Japan’s stock market has enjoyed a particularly fine year, as investors have warmed to new premier Shinzo Abe’s determination to put an end to years of deflation. But the rise of much smaller, less glamorous stocks like Sanix and Envipro Holdings is particularly striking.

The former, a pest-control firm from the southern city of Fukuoka, has risen about 420 per cent since Mr Abe took control last December. The latter, a scrap-metal merchant based in the foothills of Mt Fuji, rose more than 20 per cent this week after its Tuesday debut in Tokyo.

Although small-caps have historically outperformed, their recent resilience is nonetheless eye-catching. Smaller companies often find it much harder to raise financing even when growth is buoyant, and are usually the most vulnerable when economic conditions worsen and banks rein in lending. But, aside from a brief spike at the nadir of the financial crisis, default rates have remained subdued.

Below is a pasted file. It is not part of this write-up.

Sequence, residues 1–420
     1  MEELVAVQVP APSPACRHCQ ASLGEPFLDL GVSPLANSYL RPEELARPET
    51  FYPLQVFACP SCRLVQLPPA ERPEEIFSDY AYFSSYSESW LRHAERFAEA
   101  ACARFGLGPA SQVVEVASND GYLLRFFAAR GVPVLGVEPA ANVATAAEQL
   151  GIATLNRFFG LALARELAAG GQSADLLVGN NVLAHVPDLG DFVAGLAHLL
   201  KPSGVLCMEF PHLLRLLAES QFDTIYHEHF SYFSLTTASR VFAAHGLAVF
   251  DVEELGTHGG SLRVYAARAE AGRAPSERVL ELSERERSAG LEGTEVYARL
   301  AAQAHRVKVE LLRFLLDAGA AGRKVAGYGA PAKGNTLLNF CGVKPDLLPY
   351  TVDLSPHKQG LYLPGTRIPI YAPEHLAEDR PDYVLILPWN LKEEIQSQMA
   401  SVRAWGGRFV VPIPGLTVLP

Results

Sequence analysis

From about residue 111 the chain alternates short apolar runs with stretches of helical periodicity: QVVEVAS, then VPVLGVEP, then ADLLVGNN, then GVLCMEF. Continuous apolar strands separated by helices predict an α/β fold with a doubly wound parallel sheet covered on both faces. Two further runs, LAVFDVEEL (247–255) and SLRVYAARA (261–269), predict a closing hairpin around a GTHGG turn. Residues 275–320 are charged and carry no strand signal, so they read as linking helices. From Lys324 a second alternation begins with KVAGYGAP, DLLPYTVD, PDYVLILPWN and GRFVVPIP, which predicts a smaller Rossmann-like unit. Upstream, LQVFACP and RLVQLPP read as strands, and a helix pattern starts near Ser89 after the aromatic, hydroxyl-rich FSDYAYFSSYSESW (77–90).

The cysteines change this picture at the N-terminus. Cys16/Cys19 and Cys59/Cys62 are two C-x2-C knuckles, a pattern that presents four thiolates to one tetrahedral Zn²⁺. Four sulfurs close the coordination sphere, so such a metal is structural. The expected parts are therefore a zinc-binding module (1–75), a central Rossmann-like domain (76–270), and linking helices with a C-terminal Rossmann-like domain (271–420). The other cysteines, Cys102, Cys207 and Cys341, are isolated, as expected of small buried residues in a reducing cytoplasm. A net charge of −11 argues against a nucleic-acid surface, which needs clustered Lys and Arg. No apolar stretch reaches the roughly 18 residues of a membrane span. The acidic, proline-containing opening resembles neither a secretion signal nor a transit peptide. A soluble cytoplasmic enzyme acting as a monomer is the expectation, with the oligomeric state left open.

Andrew Neville, manager of Allianz’ global small-caps fund, attributes this to enforced conservativeness. “Smaller companies are actually often better financed than bigger ones, as they’ve always struggled to get bank loans,” he points out.

The question now is whether the outperformance of small-caps can continue, or whether prices are becoming frothy. Many investors tend to jump into small-caps at the tail-end of a bull market, when prices of bigger companies seem too high.

For now, investors and analysts remain bullish, and point to still-reasonable valuation metrics. Barclays predicts the Russell 2000 index of smaller US companies will rise a further 4 to 6 per cent over the next twelve months – and possibly more if the economy stays on track.

“If you believe in an economic recovery, small-caps will lead the market,” says Vadim Zlotnikov, chief market strategist at AllianceBernstein. “Profit margins for large-caps are a lot more extended than those for small-caps.”

Sam Stovall, chief equity strategist at S&P Capital IQ, advocates a more nuanced approach, using the equal weight S&P 500 where all companies count for the same regardless of size. “So you end up with a small cap-type movement, yet you have large-cap blue-chip qualities,” he says.

However, Europe may be the most attractive opportunity. Nick Nelson of UBS points out that the US recovery is further along than in Europe and the UK, so valuations are higher. “But in Europe the cycle is only turning now, and as banks perhaps start opening the spigots again and begin lending, it’s bullish for small-caps,” he says.